5 Mistakes Employees Make When Offered Severance Agreements

There is nothing that completely takes away the sting of losing your job, but a severance package can offer a departing employee a temporary insurance policy, of sorts, to help them make it to the next chapter in his or her life. Many people who are being terminated from their positions at work likely do not have much experience with severance packages; as a result, they might commit an error that leaves money or benefits on the negotiating table. This blog will go through mistakes employees occasionally make during the severance process. 

1. Not looking at the previously-signed employment agreement. Many times, employers have you sign an employment agreement when you begin work, or at some time during the course of your employment.  This document can affect your rights, including things such as the time you have to file a lawsuit and whether you have to go to arbitration. You must understand what may be in this agreement before you can properly evaluate a severance agreement.

2. Not taking the time to read through the agreement. Learning of your termination promises to be a chaotic time in your life. Your mind immediately goes to applying for open positions to keep the lights on at home. During this flurry of activity, you might not put a premium on carefully reading and analyzing the language in the severance package you’re being offered. Whether or not you end up taking the offered package, you should, at the bare minimum, understand what you are giving up and receiving with the severance package.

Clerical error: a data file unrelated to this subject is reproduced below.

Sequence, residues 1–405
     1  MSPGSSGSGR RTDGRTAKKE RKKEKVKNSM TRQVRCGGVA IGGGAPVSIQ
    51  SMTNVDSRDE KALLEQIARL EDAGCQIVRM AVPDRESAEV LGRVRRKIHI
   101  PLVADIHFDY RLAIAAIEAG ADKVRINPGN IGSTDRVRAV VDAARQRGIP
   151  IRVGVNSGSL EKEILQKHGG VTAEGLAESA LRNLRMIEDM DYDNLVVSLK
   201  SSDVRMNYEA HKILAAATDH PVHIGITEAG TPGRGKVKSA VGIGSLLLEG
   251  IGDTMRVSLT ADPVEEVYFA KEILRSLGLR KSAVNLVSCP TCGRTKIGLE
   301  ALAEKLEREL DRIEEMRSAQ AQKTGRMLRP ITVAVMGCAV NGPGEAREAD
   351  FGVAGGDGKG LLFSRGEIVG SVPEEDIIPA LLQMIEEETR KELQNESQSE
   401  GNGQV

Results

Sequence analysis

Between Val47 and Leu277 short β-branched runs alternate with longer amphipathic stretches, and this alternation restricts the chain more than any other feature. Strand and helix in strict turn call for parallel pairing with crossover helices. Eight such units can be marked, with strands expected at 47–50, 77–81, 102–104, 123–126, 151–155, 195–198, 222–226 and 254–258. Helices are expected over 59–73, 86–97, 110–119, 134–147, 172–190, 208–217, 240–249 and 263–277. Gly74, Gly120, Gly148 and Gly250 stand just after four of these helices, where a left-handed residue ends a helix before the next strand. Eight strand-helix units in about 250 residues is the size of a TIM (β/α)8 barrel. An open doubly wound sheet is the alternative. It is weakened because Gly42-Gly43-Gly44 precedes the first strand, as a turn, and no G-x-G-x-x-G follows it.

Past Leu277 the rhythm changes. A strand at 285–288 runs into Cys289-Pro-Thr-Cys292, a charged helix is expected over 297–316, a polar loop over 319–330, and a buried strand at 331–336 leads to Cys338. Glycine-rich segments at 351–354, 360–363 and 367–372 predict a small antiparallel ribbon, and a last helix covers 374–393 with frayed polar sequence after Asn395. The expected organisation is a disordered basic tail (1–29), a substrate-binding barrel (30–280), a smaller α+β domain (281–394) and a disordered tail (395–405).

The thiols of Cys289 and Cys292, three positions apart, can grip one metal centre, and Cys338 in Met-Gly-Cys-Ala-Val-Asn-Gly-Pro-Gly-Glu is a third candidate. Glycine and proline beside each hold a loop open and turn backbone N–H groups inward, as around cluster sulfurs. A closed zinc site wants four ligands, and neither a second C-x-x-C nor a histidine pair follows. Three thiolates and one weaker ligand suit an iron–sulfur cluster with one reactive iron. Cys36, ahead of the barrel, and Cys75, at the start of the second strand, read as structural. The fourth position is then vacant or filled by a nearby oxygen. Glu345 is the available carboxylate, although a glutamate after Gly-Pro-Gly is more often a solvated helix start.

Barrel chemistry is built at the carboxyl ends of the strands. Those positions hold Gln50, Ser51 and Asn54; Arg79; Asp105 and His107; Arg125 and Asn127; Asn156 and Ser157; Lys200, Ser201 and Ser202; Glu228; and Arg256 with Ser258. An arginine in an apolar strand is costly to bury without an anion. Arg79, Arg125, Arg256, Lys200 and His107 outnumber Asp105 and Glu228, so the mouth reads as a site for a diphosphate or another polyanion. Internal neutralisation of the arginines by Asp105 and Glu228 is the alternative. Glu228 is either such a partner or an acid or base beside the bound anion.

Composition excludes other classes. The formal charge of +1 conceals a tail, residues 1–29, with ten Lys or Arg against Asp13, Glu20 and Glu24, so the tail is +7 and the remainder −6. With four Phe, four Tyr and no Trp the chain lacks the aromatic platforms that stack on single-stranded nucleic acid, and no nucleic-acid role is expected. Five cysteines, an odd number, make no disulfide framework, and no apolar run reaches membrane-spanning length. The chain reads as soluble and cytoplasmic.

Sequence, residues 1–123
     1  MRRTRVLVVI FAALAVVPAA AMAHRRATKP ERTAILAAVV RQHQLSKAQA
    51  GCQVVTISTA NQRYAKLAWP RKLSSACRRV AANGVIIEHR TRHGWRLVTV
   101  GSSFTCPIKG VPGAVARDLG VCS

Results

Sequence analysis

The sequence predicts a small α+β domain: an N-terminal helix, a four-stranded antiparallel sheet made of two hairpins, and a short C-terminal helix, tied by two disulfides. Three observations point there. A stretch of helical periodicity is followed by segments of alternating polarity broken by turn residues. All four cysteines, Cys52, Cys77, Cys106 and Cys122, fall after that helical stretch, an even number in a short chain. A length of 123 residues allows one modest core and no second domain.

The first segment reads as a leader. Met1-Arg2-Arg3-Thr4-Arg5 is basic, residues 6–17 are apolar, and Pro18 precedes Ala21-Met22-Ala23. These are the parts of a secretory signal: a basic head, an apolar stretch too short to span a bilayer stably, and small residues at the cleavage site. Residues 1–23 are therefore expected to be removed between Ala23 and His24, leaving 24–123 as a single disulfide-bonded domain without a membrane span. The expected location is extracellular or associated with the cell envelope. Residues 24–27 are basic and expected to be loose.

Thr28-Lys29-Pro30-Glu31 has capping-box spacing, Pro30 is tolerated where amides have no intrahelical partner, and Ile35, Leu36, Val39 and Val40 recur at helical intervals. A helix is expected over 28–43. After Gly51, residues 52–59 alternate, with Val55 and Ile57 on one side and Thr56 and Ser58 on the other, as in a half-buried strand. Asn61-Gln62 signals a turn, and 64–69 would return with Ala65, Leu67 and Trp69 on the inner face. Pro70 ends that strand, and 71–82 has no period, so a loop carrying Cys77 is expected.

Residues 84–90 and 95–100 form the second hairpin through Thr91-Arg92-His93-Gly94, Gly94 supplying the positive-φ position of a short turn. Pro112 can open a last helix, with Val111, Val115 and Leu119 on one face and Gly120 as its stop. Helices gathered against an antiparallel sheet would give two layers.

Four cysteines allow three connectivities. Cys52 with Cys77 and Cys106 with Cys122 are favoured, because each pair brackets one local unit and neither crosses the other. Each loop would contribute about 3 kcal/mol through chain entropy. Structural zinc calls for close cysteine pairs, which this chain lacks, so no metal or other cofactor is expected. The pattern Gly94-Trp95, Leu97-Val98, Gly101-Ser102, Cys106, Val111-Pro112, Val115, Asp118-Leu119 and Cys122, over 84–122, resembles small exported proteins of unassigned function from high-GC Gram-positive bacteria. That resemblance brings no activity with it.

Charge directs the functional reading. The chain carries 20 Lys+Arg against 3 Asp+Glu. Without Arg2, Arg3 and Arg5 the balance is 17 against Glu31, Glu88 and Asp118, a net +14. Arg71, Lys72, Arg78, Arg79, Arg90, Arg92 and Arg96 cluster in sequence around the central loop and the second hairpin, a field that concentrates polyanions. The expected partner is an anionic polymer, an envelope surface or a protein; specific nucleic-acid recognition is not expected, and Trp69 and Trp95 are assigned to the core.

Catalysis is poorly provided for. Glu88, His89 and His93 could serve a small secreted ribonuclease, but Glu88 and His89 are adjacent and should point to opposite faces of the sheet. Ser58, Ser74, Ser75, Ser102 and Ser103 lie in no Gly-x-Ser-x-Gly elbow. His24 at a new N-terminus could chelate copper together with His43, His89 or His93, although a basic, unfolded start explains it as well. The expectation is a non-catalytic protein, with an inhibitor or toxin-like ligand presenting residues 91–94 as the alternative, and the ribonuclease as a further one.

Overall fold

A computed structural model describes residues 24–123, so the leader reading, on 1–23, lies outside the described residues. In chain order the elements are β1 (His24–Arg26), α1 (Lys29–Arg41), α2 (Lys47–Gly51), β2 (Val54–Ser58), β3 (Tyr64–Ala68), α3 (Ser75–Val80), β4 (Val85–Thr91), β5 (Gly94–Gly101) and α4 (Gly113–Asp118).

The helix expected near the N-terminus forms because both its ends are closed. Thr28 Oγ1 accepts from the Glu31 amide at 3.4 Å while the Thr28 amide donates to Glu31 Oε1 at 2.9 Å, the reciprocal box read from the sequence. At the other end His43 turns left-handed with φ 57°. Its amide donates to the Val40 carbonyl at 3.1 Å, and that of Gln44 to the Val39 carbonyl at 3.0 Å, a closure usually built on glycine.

3. Assuming there is no choice but to sign the agreement. Both Michigan and Illinois, as with most other states, are at-will employment states. So, unless you are in a union with a collective bargaining agreement, you can generally be let go for any reason, or no reason at all. This doesn’t mean, however, that you have to sign what is put in front of you. You do have a choice when it comes to signing severance agreements. Depending on what you think is attainable, you might be able to negotiate more favorable terms. 

4. Dismissing the idea of legal action against their employer. The key reason why employers offer severance packages to departing employees is due to the fact that they want the employee to agree not to sue them. In exchange for pay and other benefits, the employee will commit to refraining from certain behavior in many instances; frequently, this behavior includes filing a lawsuit for sexual harassment, wrongful termination, or discrimination. 

Offering a severance package works on several levels for employers. First, the employee might be tempted to accept the package (a sure thing) instead of going to court and attempting to win a lawsuit (which is, of course, not guaranteed). Also, the severance package might be successful in gaining enough “good will” from the employer such that the employee ultimately decides not to go forward with litigation. If you feel you have a good lawsuit against your current or former employer, don’t let a severance package deter you from seeking justice.

5. Not hiring an attorney to look over the agreement. Accepting a severance package when you feel that you experienced some sort of unlawful action during the course of your employment is not weakness. Ultimately, you must do what’s best for you and your family.

The only way to be completely sure you’re taking the best course of action is to discuss your situation and options with an experienced employment law attorney like Carla D. Aikens. Our firm is incredibly adept at negotiating agreements on behalf of employees and getting remedies for employees who have been wronged. Our firm is offering free consultations right now; please give us a call today at 844-835-2993 so we can start working for you.